Cbank says gold bidding not to stabilize prices

April 27, 2013 | 15:54
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Bidding gold bullion is not a move intended to stabilize domestic gold prices, Deputy Governor of the State Bank of Vietnam Le Minh Hung told reporters at a government regular briefing in Hanoi on Friday.

The deputy governor was surrounded by questions regarding the central bank’s management policies toward the gold market which repeatedly made national headlines over the last few months.

Here is a brief Q&A from the meeting.

* Why is there a huge disparity between domestic and international gold prices?

Over the last two years, the central bank did not license raw gold material imports for gold bullion making, which led to the price gaps.

On the other hand, there is huge demand from the country for gold bullion, especially from credit institutions which need the precious metal to settle loans and deposits in gold.

Another reason is that as of April 12, international gold prices slumped dramatically, enlarging the price disparity.

Since the intervention of the central bank into the gold market, even though there is indeed the price gap between local and global gold prices, there are no longer market instabilities or ‘gold fever’ that can affect the macro-economy. Specifically, the foreign exchange market has since remained stable.

* So did the SBV achieve its target from the gold bidding?

By holding gold bullion bidding sessions, the central bank meant to increase supply, which is an important factor to reduce demand pressure in the market.

Supposing that the central bank had not stabilized the market, while the gold import ban remained valid, the market would have fluctuated even more, and prices would have skyrocketed as supply failed to meet demand.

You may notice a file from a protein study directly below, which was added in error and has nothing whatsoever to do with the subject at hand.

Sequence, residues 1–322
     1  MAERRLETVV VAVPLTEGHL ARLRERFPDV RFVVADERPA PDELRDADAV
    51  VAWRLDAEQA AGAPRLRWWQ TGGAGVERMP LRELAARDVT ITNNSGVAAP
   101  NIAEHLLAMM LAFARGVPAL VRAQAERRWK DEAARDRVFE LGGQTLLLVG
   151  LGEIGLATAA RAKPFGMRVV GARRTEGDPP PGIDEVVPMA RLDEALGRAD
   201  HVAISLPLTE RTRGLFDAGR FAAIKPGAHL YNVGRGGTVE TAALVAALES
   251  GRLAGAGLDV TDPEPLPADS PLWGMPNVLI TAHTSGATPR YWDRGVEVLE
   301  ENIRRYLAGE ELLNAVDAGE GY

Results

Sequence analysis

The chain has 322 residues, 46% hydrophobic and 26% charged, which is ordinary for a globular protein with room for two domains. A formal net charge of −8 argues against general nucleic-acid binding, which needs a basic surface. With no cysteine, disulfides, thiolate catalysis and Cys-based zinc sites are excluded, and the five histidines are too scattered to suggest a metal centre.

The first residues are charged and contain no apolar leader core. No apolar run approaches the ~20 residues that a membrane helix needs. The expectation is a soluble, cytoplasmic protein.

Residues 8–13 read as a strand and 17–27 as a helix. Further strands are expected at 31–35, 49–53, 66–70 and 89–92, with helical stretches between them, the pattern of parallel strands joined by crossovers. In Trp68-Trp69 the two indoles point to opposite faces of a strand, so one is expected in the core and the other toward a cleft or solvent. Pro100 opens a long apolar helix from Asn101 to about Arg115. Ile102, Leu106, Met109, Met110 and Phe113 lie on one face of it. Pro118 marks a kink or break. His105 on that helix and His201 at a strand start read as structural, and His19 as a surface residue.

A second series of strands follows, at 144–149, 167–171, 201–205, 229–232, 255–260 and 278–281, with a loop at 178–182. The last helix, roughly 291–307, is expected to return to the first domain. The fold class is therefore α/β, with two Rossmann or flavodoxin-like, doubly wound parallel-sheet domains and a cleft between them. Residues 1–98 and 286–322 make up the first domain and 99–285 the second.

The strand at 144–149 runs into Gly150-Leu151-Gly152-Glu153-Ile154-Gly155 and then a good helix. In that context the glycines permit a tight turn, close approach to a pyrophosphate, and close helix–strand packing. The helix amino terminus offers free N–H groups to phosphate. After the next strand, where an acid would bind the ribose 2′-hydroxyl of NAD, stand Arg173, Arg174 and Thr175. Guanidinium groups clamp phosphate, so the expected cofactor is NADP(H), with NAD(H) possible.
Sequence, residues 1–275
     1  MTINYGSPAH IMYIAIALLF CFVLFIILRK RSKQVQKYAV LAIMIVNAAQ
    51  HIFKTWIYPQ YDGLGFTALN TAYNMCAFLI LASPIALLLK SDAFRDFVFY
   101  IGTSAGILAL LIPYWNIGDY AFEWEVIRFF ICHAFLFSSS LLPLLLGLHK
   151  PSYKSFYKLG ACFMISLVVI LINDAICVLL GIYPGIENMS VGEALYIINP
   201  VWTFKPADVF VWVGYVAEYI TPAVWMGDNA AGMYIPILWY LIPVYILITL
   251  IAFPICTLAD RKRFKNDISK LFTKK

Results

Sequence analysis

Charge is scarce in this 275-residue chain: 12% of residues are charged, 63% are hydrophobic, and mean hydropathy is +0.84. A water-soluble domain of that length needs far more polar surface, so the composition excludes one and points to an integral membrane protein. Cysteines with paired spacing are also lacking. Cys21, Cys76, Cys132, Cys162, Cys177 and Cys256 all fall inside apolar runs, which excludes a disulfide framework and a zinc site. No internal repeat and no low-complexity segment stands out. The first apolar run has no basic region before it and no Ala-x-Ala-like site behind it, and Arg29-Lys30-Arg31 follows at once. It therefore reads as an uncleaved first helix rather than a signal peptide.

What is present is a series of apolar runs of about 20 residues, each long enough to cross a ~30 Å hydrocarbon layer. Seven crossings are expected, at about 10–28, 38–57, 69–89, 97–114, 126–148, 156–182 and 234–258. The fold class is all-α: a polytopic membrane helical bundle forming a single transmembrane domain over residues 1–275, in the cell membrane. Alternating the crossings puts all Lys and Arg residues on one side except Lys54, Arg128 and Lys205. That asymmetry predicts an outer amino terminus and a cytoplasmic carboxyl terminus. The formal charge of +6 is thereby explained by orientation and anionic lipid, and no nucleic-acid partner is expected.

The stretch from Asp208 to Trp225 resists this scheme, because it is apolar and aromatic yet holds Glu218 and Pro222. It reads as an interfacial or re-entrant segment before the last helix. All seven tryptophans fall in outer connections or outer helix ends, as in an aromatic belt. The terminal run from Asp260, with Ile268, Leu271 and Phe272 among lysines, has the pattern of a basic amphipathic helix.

After 12 bidding sessions, the central bank has supplied more than 12 tons of gold into the market, and we reached the aim of increasing supply and reducing demand.

* So the increased supply is intended to help banks that need gold to repay their gold bullion depositors?

Technically speaking, the central bank can sell directly to banks, but the bidding is to maintain transparency.

Banks are allowed to use part of the gold to settle deposits or sell into the market.

* It is said that after June 30, when banks have completely settled their gold deposits, domestic gold prices will be equal to their global counterparts. So does the central bank know when will the price gap be removed?

The central bank has stated clearly before it began the gold bidding policy that the move is to stabilize the market, and the central bank does not mean to stabilize gold price.

It means that via the gold bullion bidding, the central bank does not aim at pulling down domestic gold prices, but only focuses on increasing supply to reduce market pressure.

All of the disparity the central bank gained from the bidding is contributed to the state budget.

While banks were banned from mobilizing gold deposit since November 25, 2012, there are still some gold savings with maturity until June 30. This is why credit institutions have to increase purchases.

When all of these deposits are settled, demand will come down and the price gaps will gradually narrow down.


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